The Purpose of Bond 2013
Curt Theune, Trustee
October 10, 2013
Dear SLPS Community Members,
I write to you to discuss the purpose of Bond 2013...
Spring Lake Public Schools is a huge asset to our community. In 2012, the State of Michigan listed Spring Lake among its top ten public school districts. In survey after survey, community members describe Spring Lake Public Schools as “first-class,” “top-notch,” “excellent,” “phenomenal.” As alumni, current students, parents, relatives, and neighbors know, Spring Lake Public Schools provides an array of pleasurable opportunities for all. From presentations and plays to concerts and athletic events, the community is treated again and again to the tremendous achievements of Spring Lake’s students. Even those with little direct involvement with Spring Lake Public Schools benefit from such district-wide accomplishments: because Spring Lake is an academic destination for families, property values go up.
However, excellence cannot be maintained without stewardship. While Spring Lake Public Schools is blessed with excellent students, staff, and current community support, the same cannot be said regarding all of the district’s buildings, infrastructure, technology, and transportation. Bond 2013 will address needs in these areas by:
- creating a new elementary school campus that puts the two K-4 buildings under one roof and so creates equity for, and allows for collaboration among, all current and future elementary students and staff, and results in savings in annual operating costs in the range of $175,000, conservatively;
- providing for facilities and site upgrades, with the intermediate and middle schools seeing the most infrastructure improvements to practicality, energy efficiency, and safety;
- allowing for enhancements of learning stations and safety at the high school;
- building a new athletic complex with Grabinski Field, Hickman Field, Wanrooy Field, and the Hall Cross-Country Course re-established at the current location of the high school;
- making technology a part of every classroom, K-12, to prepare students to communicate and compete in today’s world; and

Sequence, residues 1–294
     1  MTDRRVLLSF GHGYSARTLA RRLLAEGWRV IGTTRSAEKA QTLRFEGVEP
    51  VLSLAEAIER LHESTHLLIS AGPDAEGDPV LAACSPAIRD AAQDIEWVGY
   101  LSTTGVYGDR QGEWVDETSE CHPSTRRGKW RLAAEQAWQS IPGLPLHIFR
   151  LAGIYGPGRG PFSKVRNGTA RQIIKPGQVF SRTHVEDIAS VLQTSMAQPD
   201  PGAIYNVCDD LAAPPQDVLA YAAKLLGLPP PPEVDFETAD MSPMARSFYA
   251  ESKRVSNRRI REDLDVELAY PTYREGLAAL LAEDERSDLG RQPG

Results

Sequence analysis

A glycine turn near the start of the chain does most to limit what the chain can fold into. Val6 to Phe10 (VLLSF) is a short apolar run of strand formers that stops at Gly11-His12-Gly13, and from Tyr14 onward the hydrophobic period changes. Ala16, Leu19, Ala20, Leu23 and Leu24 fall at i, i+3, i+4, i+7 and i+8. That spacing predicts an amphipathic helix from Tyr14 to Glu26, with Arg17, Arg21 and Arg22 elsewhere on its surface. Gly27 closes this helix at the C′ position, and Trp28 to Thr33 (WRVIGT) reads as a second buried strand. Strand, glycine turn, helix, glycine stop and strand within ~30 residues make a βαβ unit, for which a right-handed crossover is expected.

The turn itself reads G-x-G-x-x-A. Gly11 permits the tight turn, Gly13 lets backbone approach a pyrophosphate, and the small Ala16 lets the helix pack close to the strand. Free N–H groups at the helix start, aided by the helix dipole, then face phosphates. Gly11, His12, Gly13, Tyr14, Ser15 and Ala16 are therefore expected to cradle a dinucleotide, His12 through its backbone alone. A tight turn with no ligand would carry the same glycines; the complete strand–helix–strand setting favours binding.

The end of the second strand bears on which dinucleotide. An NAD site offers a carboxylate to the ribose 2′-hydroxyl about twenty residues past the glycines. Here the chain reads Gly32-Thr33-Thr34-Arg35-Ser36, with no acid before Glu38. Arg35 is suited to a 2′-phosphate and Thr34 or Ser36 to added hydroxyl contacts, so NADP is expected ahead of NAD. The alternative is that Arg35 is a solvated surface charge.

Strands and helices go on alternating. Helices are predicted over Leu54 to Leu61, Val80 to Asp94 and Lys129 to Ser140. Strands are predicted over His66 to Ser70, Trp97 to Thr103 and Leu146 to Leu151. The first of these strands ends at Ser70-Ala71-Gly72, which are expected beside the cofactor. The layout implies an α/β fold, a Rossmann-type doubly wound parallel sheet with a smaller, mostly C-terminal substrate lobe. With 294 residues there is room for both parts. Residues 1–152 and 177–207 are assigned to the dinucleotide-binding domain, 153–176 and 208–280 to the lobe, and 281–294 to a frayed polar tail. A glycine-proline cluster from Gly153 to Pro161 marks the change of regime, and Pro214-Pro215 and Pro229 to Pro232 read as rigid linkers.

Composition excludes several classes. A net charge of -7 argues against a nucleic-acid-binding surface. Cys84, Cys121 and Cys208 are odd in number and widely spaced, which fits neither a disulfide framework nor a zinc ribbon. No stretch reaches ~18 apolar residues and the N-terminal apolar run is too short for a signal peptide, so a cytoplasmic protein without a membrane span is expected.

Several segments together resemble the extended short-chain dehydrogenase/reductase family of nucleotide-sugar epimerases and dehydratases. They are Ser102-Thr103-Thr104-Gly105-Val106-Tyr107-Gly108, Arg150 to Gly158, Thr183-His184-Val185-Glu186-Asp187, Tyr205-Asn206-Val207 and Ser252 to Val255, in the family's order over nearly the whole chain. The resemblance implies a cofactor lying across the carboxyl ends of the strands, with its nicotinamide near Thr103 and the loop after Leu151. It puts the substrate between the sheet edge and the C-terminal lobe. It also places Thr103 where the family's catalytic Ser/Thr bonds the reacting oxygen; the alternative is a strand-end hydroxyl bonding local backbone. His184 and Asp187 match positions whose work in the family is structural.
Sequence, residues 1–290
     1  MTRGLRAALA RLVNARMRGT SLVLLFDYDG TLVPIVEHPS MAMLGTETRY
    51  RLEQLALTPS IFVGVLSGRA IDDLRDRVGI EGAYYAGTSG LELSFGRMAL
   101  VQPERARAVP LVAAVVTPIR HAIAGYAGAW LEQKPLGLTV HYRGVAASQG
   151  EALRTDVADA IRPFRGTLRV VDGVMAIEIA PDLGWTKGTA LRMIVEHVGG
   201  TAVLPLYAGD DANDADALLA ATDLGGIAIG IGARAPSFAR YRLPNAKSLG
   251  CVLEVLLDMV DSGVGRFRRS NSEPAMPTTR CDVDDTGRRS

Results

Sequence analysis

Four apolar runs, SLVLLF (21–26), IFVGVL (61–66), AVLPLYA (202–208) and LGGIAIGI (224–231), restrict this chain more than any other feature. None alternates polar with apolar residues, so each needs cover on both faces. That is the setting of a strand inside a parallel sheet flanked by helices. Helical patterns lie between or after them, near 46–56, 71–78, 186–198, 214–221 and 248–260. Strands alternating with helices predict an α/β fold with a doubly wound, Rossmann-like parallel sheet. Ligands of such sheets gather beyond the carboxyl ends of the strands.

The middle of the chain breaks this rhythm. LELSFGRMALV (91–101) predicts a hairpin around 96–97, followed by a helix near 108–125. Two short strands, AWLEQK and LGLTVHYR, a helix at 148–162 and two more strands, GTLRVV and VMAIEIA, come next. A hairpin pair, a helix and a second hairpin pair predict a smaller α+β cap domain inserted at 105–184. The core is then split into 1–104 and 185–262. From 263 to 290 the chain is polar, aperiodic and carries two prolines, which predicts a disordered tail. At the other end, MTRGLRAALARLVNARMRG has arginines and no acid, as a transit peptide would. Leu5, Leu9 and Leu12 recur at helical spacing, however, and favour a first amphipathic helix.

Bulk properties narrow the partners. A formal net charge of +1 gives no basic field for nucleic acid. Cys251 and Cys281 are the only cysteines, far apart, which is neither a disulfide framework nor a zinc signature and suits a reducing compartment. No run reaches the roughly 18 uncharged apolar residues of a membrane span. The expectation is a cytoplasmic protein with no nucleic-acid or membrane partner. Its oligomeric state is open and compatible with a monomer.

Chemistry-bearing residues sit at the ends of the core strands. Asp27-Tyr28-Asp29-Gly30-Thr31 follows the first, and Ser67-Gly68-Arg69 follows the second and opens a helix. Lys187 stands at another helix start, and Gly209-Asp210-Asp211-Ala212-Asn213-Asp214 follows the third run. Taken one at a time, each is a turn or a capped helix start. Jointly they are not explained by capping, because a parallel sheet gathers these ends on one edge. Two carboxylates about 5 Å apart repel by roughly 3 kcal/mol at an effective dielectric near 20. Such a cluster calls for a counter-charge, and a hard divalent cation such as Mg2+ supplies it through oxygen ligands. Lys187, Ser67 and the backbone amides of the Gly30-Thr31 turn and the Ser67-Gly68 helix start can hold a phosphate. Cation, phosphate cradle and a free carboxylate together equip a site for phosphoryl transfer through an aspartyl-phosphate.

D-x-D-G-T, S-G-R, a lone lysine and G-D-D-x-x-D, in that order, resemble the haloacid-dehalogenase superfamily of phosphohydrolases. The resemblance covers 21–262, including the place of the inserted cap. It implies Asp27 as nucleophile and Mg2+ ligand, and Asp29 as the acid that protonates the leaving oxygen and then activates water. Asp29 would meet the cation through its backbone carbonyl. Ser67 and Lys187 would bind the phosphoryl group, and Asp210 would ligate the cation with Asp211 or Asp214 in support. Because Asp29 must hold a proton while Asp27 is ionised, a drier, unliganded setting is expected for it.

- replacing 10 buses, each of which is over 15 years old and has over 200,000 miles, helping to ensure students’ safety.
Bonds cannot be used to fund salaries, operational costs, or classroom materials.
Some of you have asked, “Why are we asking for all of these projects at once? These improvements throughout the district are huge undertakings with a large financial price tag.” The reason is simple: the School Bond Loan Fund makes funding these projects practical and fiscally responsible, but we must access these funds now. Years ago, the State of Michigan created the School Bond Loan Fund; however, in December, 2012, the state legislature capped this fund at $1.8 billion. $1.5 billion already has been provided to other school districts on a first come, first served basis. Thus, as districts throughout the State of Michigan explore their needs, Election Day (November 5, 2013) becomes critical to allow Spring Lake Public Schools to be part of the School Bond Loan Fund.
This Loan Fund allows the $59.8 million Bond 2013 project to be possible with a minimal increase of .569 mill to the current millage rate. This means that for a house with a home market value of $200,000 the additional cost per year would be just $57. However, if we do not provide Spring Lake Public Schools the opportunity to participate in the School Bond Loan Fund, this same project would require a 4.97 mills increase—over 8.5 times higher—and the cost for that homeowner would be $484.50…over $400 dollars more per year. Obviously, the increase from .569 mill to 4.97 mills would be an extreme burden for our community. Decisions must be made now.
The Spring Lake community expects educational excellence, but expectations require commitment from students, staff, and the community. The staff and students of Spring Lake Public Schools have done tremendous work with given resources. But the future brings with it new challenges and demands. We members of the community must provide 21st-century learning environments and facilities to help our students and staff continue to excel, to strive for their fullest potential. Bond 2013 is resource-rich and cost-effective.
I hope you will contact me or any one of the SLPS board members, staff, or community advocacy team members if you have any questions about Bond 2013.
Curt A. Theune
Member, Spring Lake Public Schools Board
Parent of Spring Lake Intermediate and Jeffers Students
Proud Laker Alumnus